Devil's Dyke, Cambridgeshire

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Devil's Dyke on the July Course, Newmarket
View from the top of Devil's Dyke towards Reach

Devil's Dyke (also called Reach Dyke or Devil's Ditch, once known as St Edmund's Ditch) is an impressive Dark Age earthwork in eastern Cambridgeshire. It consists of a long bank and ditch 7.5 miles long that runs in a northwest to southeast direction in a straight line from the small village of Reach to nearby Woodditton. It is generally assumed to be an Anglo-Saxon earthwork and is one of the largest and best surviving examples of its kind in Britain.


Devil's Dyke is over 7 miles long and is the largest of a number of ancient Cambridgeshire dykes. In some places the bank measures 30 feet high and 120 feet across. Since the 19th century a number of railway lines and roads have been cut through the dyke, including the combined A14 and A11 roads, and a branch line of the Ipswich to Ely rail line. A public footpath runs along the top of the bank.

From Reach, the dyke crosses farmland, before running along the edge of the July Course at Newmarket Racecourse and then through the woods of a private estate near the village of Woodditton.[1]


View Looking Towards Woodditton (1853)

Devil's Dyke is the largest of several earthworks in south Cambridgeshire that were designed to control movement along the ancient Roman roads. When it was created, it completely blocked a narrow land corridor between the southern edge of a region of water-logged marsh (the Great Fen) in the northwest and dense woodlands in the south, so making circumvention difficult and forming an effective defensive barrier for the lands to the east. The dyke crossed three important Roman roads, including the yet more ancient Icknield Way, and may thus have served as a way of controlling trade and movement in and out of the area. Findings such as the small quantity of silt in the ditch fills suggest that the dyke fell into disuse soon after it was built.

The other Cambridgeshire dykes include Fleam Dyke, Brent Ditch and Bran ditch. Black Ditches, Cavenham is a fifth earthwork guarding the Icknield Way which is in Suffolk, to the northwest of Bury St Edmunds.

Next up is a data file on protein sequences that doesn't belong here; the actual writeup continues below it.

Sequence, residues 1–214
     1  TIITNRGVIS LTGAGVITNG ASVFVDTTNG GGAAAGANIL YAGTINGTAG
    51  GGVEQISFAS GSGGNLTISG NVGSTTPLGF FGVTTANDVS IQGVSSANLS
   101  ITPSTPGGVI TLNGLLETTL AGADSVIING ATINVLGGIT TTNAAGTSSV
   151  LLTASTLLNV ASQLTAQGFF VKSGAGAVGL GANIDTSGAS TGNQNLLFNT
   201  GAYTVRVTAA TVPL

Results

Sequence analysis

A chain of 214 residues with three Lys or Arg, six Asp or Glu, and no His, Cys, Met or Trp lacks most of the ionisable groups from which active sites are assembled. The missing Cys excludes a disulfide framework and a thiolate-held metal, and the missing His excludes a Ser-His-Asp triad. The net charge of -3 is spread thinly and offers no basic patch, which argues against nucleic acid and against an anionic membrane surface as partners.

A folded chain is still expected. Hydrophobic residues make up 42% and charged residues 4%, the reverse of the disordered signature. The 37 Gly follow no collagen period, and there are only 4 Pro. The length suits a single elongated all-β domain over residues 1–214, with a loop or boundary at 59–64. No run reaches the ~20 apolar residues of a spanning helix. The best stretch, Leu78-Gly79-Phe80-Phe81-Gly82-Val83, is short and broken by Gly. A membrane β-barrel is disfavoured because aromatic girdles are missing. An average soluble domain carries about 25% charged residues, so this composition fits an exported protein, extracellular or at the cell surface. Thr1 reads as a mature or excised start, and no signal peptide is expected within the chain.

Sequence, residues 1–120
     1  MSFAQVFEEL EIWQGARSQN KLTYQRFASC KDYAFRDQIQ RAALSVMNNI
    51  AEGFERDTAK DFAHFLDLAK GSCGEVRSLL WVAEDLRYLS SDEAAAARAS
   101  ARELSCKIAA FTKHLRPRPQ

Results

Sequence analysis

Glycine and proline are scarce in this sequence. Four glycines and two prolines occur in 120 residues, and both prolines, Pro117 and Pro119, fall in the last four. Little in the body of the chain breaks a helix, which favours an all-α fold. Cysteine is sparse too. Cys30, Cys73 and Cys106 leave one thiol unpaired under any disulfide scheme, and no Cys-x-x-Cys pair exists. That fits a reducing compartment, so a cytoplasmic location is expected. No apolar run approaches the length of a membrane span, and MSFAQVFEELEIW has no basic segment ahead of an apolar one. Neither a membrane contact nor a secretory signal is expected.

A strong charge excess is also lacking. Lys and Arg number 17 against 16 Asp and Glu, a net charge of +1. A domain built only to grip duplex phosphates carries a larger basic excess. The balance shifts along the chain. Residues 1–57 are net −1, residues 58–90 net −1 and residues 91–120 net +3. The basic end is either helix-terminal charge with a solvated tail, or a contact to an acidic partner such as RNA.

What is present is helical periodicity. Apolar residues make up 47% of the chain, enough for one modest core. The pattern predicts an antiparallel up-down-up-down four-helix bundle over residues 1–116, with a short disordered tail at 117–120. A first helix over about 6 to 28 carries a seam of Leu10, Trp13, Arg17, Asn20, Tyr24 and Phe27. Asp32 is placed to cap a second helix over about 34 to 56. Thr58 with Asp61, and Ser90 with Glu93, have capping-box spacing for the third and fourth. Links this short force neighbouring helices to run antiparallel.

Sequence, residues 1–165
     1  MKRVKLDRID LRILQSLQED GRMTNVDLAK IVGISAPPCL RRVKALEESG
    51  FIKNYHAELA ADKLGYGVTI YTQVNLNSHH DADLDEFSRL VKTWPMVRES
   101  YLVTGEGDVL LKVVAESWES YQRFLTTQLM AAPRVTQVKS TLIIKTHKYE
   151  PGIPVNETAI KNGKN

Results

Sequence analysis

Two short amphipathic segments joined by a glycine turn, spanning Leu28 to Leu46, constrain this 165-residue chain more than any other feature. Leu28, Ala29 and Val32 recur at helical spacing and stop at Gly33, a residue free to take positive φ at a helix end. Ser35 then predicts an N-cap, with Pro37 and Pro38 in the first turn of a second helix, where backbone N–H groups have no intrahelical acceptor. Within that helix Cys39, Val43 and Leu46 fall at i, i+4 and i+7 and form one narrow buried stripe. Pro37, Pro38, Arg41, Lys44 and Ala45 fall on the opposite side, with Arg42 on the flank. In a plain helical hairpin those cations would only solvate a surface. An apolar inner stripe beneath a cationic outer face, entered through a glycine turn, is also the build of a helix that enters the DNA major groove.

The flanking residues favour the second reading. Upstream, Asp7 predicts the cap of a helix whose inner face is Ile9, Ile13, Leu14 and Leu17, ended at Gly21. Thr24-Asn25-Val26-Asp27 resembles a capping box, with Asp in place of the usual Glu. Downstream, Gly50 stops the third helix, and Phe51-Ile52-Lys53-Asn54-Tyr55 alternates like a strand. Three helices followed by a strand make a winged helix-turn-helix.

Early commentators

The profiles of the Cambridgeshire dykes, (based on Hartshorne's Salopia Antinqua (1841)

The earthwork has been described by various different commentators since Anglo-Saxon times. The Anglo-Saxon Chronicle refers to the Devil's Dyke in its annal for 905, when Edward the Elder is recorded as fighting and defeating the Danes of East Anglia, having first laying waste to the countryside:

'and he laid waste their land between the Dyke and the Ouse [or Wissey] as far northward as the Fens'
' and oferhergade call hera land betwuh dicun and Wusan. call oþ da fennas norð' .[2]

Abbo of Fleury, writing in the late 10th century, described East Anglia as "fortified in the front with a bank or rampier like unto a huge wall, and with a trench or ditch below in the ground".[3] The mediæval Flores Historiarum, referred to "...duo fossata sancti Eadmundi..." - 'the two fortifications of St Edmund' - when describing the battle between Edward and his adversaries (the other presumably Fleam Dyke, between Fulbourn and the Wilbrahams).[4]

Modern scholarship

Archaeological Carbon-14 dating has concluded that the dyke was reinforced in the late 6th or early 7th century at a time when competition between neighbouring English tribes was particularly fierce. It is believed that the dyke would have been used to demarcate the boundary of a tribe's influence.

There have been a number of excavations and investigations of the Dyke in modern times, including excavations in 1923 and 1991. In 1991, little was found when a small part of the dyke (measuring 26 feet x 10 feet) was excavated before construction of a new aqueduct. The results of a 1988 resistivity survey of the point where Street Way cuts through the dyke were inconclusive.[5]


The course of the dyke is now controlled by English Heritage as a Scheduled Ancient Monument, as well as Site of Special Scientific Interest. A well-kept footpath runs the full length of the dyke.

The path is also home to several rare species of flora and is an excellent example of a chalk grassland. Flowers often seen along its route include the Pasque flower Pulsatilla vulgaris, and six species of orchid including the Lizard Orchid. The Chalkhill Blue butterfly can also be found here.

Outside links


  1. Cambridgeshire Historic Environment Record 07801.
  2. Earle, Two of the Saxon Chronicles Parallel, pp. lxxi, 98.
  3. Tymms, The Devil's Dyke, Newmarket, p. 175.
  4. Babington, Ancient Cambridgeshire, p.60.
  5. Cambridgeshire HER, 'Devil's Ditch/Dyke'